Tuesday, September 20, 2011

Scott Parker - Born to Play for Tottenham

Parker Joins Tottenham for £5 million

Throughout every transfer period players are linked with Tottenham Hotspur.  There are a number of players who are constantly connected with the club and are expected to sign for Spurs 'any day now'.  In most cases none of these players join the club but on this occasion one of them has finally been transferred to Spurs.  That player is Scott Parker - it has taken a long time for him to get to White Hart Lane but he has finally made it.

Scott Parker
Scott Parker has become a Tottenham Hotspur player at last.  On Tuesday, 31st August, 2011 after months of speculation and newspaper stories that he would be leaving West Ham United following their relegation and that he was more than likely going to sign for Spurs, it was confirmed by the club at 14.10, less than nine hours before the end of the summer transfer period, that a deal had been concluded.

This is not the first occasion that rumours were rife about Parker coming to White Hart Lane.  It has happened every time that he has moved club.  In January, 2004, after speculation over some years that he would leave Charlton Athletic, he signed for Chelsea.  Eighteen months later, having had little playing time at Stamford Bridge, he moved to Newcastle United.  After two years on Tyneside, he returned to London but not to Tottenham, instead, he signed for West Ham United.  On each occasion that he was transferred during that three and a half year period, the Tottenham manager at the time, Martin Jol, was very keen to get the signature of Scott Parker but to no avail.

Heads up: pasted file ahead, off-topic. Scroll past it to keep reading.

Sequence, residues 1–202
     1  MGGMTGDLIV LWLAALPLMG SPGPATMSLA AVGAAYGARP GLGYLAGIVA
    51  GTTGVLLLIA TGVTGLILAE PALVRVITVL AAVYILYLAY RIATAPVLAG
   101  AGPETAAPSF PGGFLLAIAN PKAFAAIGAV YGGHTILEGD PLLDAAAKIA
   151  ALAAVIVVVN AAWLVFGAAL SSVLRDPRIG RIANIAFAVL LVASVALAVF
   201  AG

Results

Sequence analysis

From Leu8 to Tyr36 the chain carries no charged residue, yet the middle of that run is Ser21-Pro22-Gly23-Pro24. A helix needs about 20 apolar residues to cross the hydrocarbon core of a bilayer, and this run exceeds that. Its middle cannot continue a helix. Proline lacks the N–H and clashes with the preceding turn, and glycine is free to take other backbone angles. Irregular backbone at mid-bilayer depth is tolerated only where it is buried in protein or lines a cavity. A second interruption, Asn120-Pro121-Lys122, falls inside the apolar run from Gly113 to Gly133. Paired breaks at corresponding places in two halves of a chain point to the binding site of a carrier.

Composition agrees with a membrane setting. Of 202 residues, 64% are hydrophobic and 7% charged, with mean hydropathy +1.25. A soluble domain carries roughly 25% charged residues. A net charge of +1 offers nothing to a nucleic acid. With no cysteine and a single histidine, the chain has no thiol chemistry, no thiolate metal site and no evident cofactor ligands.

Tottenham Hotspur have history for this - trying to sign the same player, transfer window after window.  In the past it has not always been successful.  In the mid-1990s, Gerry Francis pursued the transfer of Ramon Vega who clearly stated he didn't want to come to Tottenham.  However, in January, 1997, less than eight months later he was signed from Cagliari for £3.75million.  Vega wasn't the greatest player to pull on the white shirt of Tottenham although he did appear in the 1999 Worthington Cup Final.

Stewart Downing is another player who has often been linked with Spurs but has never signed.  While at Middlesbrough, there was such speculation of a transfer that when he played at White Hart Lane in an early season fixture, it was widely regarded by fans and media that that game would be his last for Boro before he signed for Tottenham during the final days of the August transfer period.  It didn't happen but the speculation was accurate enough because in an interview in the Sunday Times ahead of the match against Liverpool, he confirmed that there had been discussions that August, the following January and again the next summer, although by that time he was injured and Tottenham were reluctant to conclude a deal under such circumstances so he joined Aston Villa.

During recent transfer periods the names of many strikers have been in Tottenham's sights with reported offers having been made and rejected - the same names over and over again - Diego Forlan, Klass-Jan Huntelaar, Giuseppe Rossi - but none of them have signed.  At least this summer's deal for Scott Parker was completed  and on the evidence of his first two games for the club, he seems to be exactly what the team needs in midfield. 

Parker - the Midfield General